Vessels. Hand-modelled terracotta; max. 40 cm x 32 cm.; min. 19 cm x 18 cm. Thongjao, Manipur. Contemporary. VC.
Goddess Panthoibi1 wife of Anadi Bhagwan, as she is known in Thongjao and Chairan, or Leima Leinaitabi in the Shangmai and Andro villages of Manipur, is said to have taught the Women of Manipur the sacred art of hand-modelled pottery.
The women potters model the pots in the ‘slab’ technique where a band of clay is rolled to form a cylinder to which a base is attached. The collar is formed by circumambulating a wooden stool or lepshum in the manner of a wheel. The rest of the pot is beaten into shape with the aid of a wooden beater and a stone anvil. When asked why they prefer not to use the wheel to model their pots, the women generally reply that the wheel makes them dizzy!
So important is goddess Panthoibi for the woman potter of Manipur that before every firing, offerings of flowers, incense and water are made to her along with a solemn prayer to protect her pots from cracking.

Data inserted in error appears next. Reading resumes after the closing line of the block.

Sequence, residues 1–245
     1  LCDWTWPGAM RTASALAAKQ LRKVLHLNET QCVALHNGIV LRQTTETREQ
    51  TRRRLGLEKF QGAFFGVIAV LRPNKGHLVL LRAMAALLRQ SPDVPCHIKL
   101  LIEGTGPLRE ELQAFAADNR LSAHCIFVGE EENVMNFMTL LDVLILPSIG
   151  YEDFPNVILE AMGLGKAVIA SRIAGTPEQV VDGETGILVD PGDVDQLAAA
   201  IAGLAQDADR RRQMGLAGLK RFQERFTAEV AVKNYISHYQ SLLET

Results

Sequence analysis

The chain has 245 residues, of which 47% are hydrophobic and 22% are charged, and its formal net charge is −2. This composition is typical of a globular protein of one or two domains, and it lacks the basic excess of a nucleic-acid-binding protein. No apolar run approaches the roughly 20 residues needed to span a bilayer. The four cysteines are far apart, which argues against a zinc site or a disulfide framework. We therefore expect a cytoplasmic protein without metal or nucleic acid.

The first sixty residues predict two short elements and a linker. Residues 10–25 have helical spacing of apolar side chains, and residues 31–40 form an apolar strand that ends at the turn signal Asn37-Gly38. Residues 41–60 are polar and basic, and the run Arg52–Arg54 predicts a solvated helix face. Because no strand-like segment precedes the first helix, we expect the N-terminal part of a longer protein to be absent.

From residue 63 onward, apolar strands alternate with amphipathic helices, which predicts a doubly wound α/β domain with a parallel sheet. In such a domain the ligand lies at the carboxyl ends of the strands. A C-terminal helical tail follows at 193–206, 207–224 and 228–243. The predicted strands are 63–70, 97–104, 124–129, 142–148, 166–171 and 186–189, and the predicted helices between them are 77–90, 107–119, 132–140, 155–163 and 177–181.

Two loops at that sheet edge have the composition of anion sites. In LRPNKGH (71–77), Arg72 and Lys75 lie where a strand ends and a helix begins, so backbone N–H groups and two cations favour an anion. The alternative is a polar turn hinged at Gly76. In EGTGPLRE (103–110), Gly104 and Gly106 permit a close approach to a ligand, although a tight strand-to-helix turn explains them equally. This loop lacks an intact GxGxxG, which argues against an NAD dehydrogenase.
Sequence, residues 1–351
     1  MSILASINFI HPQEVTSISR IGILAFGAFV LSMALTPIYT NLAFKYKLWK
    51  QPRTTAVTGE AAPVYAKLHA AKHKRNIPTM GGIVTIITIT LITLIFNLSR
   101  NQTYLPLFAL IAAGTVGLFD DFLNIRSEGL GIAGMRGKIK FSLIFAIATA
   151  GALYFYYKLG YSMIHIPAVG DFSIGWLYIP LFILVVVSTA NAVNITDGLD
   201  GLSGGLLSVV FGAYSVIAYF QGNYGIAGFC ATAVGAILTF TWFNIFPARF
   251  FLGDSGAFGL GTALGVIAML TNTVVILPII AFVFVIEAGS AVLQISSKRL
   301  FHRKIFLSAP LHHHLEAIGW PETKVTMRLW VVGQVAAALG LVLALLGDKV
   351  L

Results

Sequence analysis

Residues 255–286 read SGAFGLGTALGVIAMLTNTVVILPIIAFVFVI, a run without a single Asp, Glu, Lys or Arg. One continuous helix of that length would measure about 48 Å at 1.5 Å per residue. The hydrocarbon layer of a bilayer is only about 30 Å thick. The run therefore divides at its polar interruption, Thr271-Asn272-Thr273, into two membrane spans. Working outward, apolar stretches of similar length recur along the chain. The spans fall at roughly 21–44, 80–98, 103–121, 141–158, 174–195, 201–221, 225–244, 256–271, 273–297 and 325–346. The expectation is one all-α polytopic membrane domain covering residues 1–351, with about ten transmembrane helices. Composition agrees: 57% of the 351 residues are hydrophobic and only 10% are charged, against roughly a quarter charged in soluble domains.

Moreover, there are songs that highlight the special relationship between the Manipuri woman-potter and her clay that is described as being “harder than iron, not melting in water”:
You my love,
come. Come with me.
We — all of us —
as I walk with you.
The philosophy of the people of Manipur is amply illustrated in the metaphoric ballad that refers to how a bird, even if it returns to its own tree, will never recognise the branch it had perched upon earlier. Similarly, pottery shards will always remain separate and different from mother earth, from which they have originated even when they return to it. The essential contradictions of life and death are inherent in the songs of the potter women of Manipur.
The unusual shapes of these vessels, so elegantly modelled, could never have been turned on a wheel. The orange-black tongues of fire on the glossy surface of these pots are profound symbols of nature’s contribution to aesthetic sensitivity.
1. In conversation with potter Neelmanidevi and her husband Shyam Jai Singh
2. Free translation from Manipuri to Hindi, by Shyam Jai Singh and from Hindi into English by Pria Devi